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Memphis mine, Red River District, Taos Co., New Mexico, USAi
Regional Level Types
Memphis mineMine
Red River DistrictMining District
Taos Co.County
New MexicoState

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Latitude & Longitude (WGS84):
36° 43' 59'' North , 105° 20' 28'' West
Latitude & Longitude (decimal):
Locality type:
Nearest Settlements:
Red River476 (2017)6.4km
Eagle Nest261 (2017)21.0km
Questa1,753 (2017)22.8km
San Cristobal273 (2011)30.6km
Arroyo Seco1,785 (2011)31.5km

May be same as Bitter Creek Memphis mine

Regions containing this locality

North America PlateTectonic Plate
Rocky Mountains, North AmericaMountain Range

Select Mineral List Type

Standard Detailed Strunz Dana Chemical Elements

Commodity List

This is a list of exploitable or exploited mineral commodities recorded at this locality.

Mineral List

3 valid minerals.

Detailed Mineral List:

Formula: Ag2S
Reference: Minerals of New Mexico 3rd ed.
Formula: Ag3AuTe2
Reference: American Mineralogist (1937) 22: 1065-1069.
Formula: SiO2
Reference: Charles F. Park, Jr.; McKinlay, Philip F., (1948) Geology and ore deposits of Red River and Twining districts, Taos County, New Mexico, a preliminary report. NMBGMR Circular 18.

List of minerals arranged by Strunz 10th Edition classification

Group 2 - Sulphides and Sulfosalts
Group 4 - Oxides and Hydroxides

List of minerals arranged by Dana 8th Edition classification

Group 2 - SULFIDES
AmBnXp, with (m+n):p = 2:1
Group 75 - TECTOSILICATES Si Tetrahedral Frameworks
Si Tetrahedral Frameworks - SiO2 with [4] coordinated Si

List of minerals for each chemical element

O QuartzSiO2
Si QuartzSiO2
S AcanthiteAg2S
Ag AcanthiteAg2S
Ag PetziteAg3AuTe2
Te PetziteAg3AuTe2
Au PetziteAg3AuTe2

Regional Geology

This geological map and associated information on rock units at or nearby to the coordinates given for this locality is based on relatively small scale geological maps provided by various national Geological Surveys. This does not necessarily represent the complete geology at this locality but it gives a background for the region in which it is found.

Click on geological units on the map for more information. Click here to view full-screen map on Macrostrat.org

Chattian - Rupelian
23.03 - 33.9 Ma

ID: 2862313
Lower-upper middle Tertiary basaltic andesites and andesites of the Mogollon Group

Age: Oligocene (23.03 - 33.9 Ma)

Stratigraphic Name: Mogollon Group

Description: Includes La Jara Peak Basaltic Andesite, Uvas Basaltic Andesite, basaltic andesites of Poverty Creek and Twin Peaks, Squirrel Springs Canyon Andesite, Razorback Basalt, Bear Springs Basalt, flows of Gila Flat, Salt Creek Formation, Middle Mountain Formation, and the Alum Mountain Group. Pre-Amalia-Tuff lavas in the Questa caldera are dominantly silicic andesites and dacites; elsewhere silicic lavas are a minor component of Tual.

Comments: Original map source: Green, G.N., Jones, G.E., and Anderson, O.J., 1997, The Digital Geologic Map of New Mexico in ARC/INFO Format: U.S. Geological Survey Open-File Report 97-0052, 9 p., scale 1:500,000.

Lithology: Major:{andesite,basaltic andesite,basalt}, Minor:{dacite}

Reference: Horton, J.D., C.A. San Juan, and D.B. Stoeser. The State Geologic Map Compilation (SGMC) geodatabase of the conterminous United States. doi: 10.3133/ds1052. U.S. Geological Survey Data Series 1052. [133]

23.03 - 33.9 Ma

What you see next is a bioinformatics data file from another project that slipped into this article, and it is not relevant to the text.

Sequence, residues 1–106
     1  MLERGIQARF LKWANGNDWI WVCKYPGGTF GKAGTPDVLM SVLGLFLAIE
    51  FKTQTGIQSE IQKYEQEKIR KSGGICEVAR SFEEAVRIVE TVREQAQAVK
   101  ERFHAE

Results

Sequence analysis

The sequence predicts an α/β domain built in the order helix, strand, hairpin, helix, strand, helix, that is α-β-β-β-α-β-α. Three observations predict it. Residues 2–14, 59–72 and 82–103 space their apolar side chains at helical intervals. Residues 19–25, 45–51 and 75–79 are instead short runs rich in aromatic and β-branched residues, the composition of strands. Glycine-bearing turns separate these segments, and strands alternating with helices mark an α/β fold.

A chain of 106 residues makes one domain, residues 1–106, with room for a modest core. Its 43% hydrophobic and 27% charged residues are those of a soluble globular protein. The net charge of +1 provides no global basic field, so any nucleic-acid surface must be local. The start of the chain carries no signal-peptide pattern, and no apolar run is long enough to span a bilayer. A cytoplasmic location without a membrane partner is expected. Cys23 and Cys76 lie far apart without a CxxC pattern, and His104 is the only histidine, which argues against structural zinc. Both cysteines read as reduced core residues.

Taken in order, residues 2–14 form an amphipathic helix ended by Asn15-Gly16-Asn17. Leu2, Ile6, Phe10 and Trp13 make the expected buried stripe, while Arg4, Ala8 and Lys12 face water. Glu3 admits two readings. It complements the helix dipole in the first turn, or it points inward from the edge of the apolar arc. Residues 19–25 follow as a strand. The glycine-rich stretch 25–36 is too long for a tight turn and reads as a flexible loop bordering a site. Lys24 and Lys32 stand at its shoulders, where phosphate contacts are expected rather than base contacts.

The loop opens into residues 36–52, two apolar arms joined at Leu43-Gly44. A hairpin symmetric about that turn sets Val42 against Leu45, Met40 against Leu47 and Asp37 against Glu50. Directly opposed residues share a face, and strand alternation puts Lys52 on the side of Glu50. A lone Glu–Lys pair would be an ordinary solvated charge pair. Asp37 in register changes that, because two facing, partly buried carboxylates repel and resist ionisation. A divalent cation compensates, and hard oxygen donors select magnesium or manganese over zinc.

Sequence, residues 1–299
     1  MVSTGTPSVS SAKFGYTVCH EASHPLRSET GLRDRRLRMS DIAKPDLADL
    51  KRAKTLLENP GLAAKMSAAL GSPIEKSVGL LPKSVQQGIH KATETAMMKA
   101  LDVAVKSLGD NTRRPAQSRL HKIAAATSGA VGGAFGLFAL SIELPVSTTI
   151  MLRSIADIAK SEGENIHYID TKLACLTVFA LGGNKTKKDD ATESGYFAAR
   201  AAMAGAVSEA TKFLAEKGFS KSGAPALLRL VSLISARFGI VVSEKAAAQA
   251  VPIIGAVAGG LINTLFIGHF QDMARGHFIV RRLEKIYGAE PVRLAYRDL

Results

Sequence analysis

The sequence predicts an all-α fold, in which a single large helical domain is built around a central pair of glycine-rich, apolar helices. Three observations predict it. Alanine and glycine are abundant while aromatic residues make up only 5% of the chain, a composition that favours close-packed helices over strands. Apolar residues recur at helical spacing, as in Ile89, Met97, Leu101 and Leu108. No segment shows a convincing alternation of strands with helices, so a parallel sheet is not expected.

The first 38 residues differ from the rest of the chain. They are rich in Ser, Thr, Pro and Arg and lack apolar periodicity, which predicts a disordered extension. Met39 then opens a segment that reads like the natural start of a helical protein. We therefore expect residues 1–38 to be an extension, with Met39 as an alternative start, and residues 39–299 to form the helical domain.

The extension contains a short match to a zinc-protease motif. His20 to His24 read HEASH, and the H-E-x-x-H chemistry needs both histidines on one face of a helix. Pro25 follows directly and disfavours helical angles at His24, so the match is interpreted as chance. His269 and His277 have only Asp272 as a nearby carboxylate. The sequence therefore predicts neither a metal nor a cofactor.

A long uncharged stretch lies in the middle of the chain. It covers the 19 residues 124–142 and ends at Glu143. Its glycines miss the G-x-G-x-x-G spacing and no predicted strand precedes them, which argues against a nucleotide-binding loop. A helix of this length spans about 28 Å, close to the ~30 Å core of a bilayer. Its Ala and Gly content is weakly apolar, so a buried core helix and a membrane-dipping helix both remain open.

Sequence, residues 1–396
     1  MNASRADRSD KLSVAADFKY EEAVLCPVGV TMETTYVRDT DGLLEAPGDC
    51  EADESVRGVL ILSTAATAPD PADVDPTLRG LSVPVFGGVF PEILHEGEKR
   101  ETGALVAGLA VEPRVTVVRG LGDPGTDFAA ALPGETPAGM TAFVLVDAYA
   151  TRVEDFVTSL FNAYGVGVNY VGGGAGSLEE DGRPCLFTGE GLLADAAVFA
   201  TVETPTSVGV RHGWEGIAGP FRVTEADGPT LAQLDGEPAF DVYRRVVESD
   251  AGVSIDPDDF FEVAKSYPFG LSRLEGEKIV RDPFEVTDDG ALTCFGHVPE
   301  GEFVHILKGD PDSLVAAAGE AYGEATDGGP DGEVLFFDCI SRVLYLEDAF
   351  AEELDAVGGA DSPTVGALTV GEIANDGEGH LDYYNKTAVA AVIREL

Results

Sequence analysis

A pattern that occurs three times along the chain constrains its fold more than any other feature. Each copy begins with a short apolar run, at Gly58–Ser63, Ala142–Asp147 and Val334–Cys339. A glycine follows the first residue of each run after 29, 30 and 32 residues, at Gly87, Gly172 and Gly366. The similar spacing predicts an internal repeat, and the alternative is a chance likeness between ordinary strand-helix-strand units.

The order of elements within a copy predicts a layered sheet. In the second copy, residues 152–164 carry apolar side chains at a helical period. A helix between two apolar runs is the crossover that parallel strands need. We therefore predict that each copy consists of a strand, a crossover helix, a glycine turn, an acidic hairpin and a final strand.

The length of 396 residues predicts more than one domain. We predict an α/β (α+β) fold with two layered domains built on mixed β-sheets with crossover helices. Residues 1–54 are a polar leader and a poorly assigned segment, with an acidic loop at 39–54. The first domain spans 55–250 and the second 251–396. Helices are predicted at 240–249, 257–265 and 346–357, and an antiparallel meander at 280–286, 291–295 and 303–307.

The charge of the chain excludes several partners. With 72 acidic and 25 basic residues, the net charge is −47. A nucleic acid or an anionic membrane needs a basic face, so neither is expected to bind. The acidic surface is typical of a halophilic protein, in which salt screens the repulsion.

ID: 3274559
Tuff of Tetilla Peak

Age: Oligocene (23.03 - 33.9 Ma)

Description: Quartz-rich light-colored weakly welded rhyolitic ash-flow tuff (73–75 percent SiO2) containing abundant small volcanic fragments. Phenocryst content 10–30 percent; mainly quartz, sanidine, plagioclase, and sparse chloritized biotite. Lithic fragments mostly andesite and quartz- bearing rhyolite; where the tuff is altered, lithic fragments are main indicator of original pyroclastic character. Unit ranges from light gray to buff in northeastern part of area, to dark-gray dense rocks of obscure texture where baked and otherwise altered by granitic intrusions within the caldera. Tuff of Tetilla Peak is closely associated in areal and stratigraphic position with large rhyolite flow-dome complexes (Trc); the tuff probably represents pyroclastic eruptions associated with emplacement of the rhyolite flows. In places several ash-flow units, each 10–30 m thick, are separated by thin interbeds of rhyolitic ash-fall tuff or reworked tuffaceous sedimentary rocks equivalent to the volcanic sedimentary unit (Tvs). Within the Questa caldera, tuff of Tetilla Peak is locally difficult to distinguish from the lithic-rich lower part of the Amalia Tuff (Trtl). Tuff of Tetilla Peak is as much as 300 m thick; substantial local thickness variations are due to pre-eruption topography and in places to subsequent structural complications

Reference: Lipman, P.W., J.C. Reed, Jr. Geologic Map of the Latir Volcanic Field and Adjacent Areas, Northern New Mexico. U.S. Geological Survey Miscellaneous Investigations Series Map I-1907. [173]

1600 - 2500 Ma

ID: 3187784
Paleoproterozoic crystalline metamorphic rocks

Age: Proterozoic (1600 - 2500 Ma)

Lithology: Orthogneiss/paragneiss

Reference: Chorlton, L.B. Generalized geology of the world: bedrock domains and major faults in GIS format: a small-scale world geology map with an extended geological attribute database. doi: 10.4095/223767. Geological Survey of Canada, Open File 5529. [154]

Data and map coding provided by Macrostrat.org, used under Creative Commons Attribution 4.0 License


Sort by

Year (asc) Year (desc) Author (A-Z) Author (Z-A)
Charles F. Park, Jr.; McKinlay, Philip F., (1948) Geology and ore deposits of Red River and Twining districts, Taos County, New Mexico, a preliminary report. NMBGMR Circular 18.
About (3500) tons of 0.4 Au Mined
Schilling J H (1960) Nmbm Bull 71 P 63-68
Of Mines M. S. Thesis, (1922), P. 24-27

USGS MRDS Record:10150993
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